Boston Offers Rich Cultural, Educational Experiences for Older Adults
Despite the high cost of housing, older adults still trek to the city
En español | Charlie Petit strolls to breakfast at a diner near his condo in Boston's South End, puts in an order for the weekday special and ruminates about why he stayed in Boston in his retirement years.
There's the culture, says the 62-year-old former chief financial officer at a local college. He can walk to Symphony Hall, a few blocks away, and hear the Boston Symphony Orchestra. Then there's the academic sector; Petit takes the subway to classes for people over 55 offered by a lifelong learning institute at the University of Massachusetts-Boston. He has a UMass student ID card and, as a result, a discount on those BSO concerts.
He appreciates the free cooking demonstrations by local chefs, hosted for residents 60 and older by the city in the Boston Public Market downtown. And the health care is among the world's best.
"Boston is a manageable city,” Petit says over his eggs and toast at Mike's City Diner. “It's not too big. It's walkable. For older people, it's easier to maneuver."
Boston at a Glance
- Population: 695,926
- Portion of population 50 and older: 25.4 percent
- Median home value: $575,200
- Median household income: $71,834
- Unemployment rate: 2.8 percent
This is not exactly the image outsiders may have of this northeastern metropolis. The university-centric city has a youthful population — the median age of residents is 32, compared with the national median of 38 — and the city throws some challenges at older residents, not the least of which are housing prices that rank among the nation's highest. But the population of residents 60 and older is growing, projected to increase by 53 percent by 2030.
To understand the needs of older residents, officials spent about half a year holding 25 listening sessions with more than 800 people 50 and older; it surveyed 3,629 more. “This isn't a bunch of people inside city government making these decisions,” says Mayor Martin J. Walsh. “This is about hearing from older Bostonians themselves."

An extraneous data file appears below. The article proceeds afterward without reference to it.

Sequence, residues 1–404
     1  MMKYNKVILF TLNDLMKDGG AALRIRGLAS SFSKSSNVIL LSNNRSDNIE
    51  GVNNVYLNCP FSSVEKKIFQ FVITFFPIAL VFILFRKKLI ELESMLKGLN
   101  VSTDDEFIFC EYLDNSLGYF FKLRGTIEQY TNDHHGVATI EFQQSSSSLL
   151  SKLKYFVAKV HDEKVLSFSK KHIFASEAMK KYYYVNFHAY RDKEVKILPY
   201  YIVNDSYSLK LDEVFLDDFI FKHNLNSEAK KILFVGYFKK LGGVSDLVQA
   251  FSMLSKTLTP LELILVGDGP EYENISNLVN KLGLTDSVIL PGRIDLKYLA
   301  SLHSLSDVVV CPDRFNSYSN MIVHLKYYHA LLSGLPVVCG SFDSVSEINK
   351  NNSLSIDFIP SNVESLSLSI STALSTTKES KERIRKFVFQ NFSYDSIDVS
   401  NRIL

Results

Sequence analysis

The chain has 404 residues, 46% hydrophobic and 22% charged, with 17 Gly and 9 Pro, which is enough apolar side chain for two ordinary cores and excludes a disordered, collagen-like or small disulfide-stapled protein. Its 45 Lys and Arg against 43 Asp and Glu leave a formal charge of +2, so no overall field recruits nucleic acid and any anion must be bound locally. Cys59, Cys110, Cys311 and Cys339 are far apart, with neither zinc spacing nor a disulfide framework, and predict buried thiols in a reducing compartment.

The long to-do list for city agencies included:
- Mapping public restrooms.
- Installing age-friendly benches.
- Piloting a program called the Age and Dementia Friendly-Business Designation to help customers in need.
Boston even changed the name of its Commission on Affairs of the Elderly for a more positive image. As of this year, it's the Age Strong Commission.
The key to this transformation was involving almost every municipal department in this work, rather than just one. That was a big departure from the way things used to happen, says Jan Mutchler, director of the Center for Social and Demographic Research on Aging at UMass-Boston. “It's pushing out the message to all of those offices that this really is an issue for them, too."
Still, one big issue for Boston residents of any age is the high cost of housing. The average monthly rent is $3,509, the research firm Yardi Matrix reports. That's almost 2.5 times the national average. Even residents who own their home face spiraling valuations that push up their property taxes.
"I've lost a lot of neighbors,” says Alice Fisher, 78, a South End resident. “They might have bought that house for $40,000 in the 1960s, and now the taxes are for a house that's worth $3 million.” (Residents 65 and older can file for property tax abatements.)
Renters face another threat: Landlords sue to evict about 40,000 of them a year statewide, according to the New England Center for Investigative Reporting. Walsh is pushing legislation banning no-fault eviction for people over 75 and limiting rent increases for them; landlords say they might not rent to older tenants if that happens.
As this debate continues, the city has a goal to build 2,000 units of low-income senior rental housing by 2030 — in part with money from a 1 percent property tax surcharge approved by voters. And the mayor is advocating legislation that would increase funding to build more affordable housing. Boston has a small but growing pilot program to pair seniors with younger residents who can help with chores. And the city offers help with finding good housing, with applications for heating fuel assistance, and in housing court in case of a dispute.
All of this work is important to the future of Boston, Walsh says. “In a lot of cities in America, you have people leaving, and you're left with one demographic, one age group,” he says. Boston, by comparison, is growing at both ends of the age spectrum, with empty nesters from the suburbs moving in. “That's a nice place to be as a city. You just have to make sure all those challenges are being met."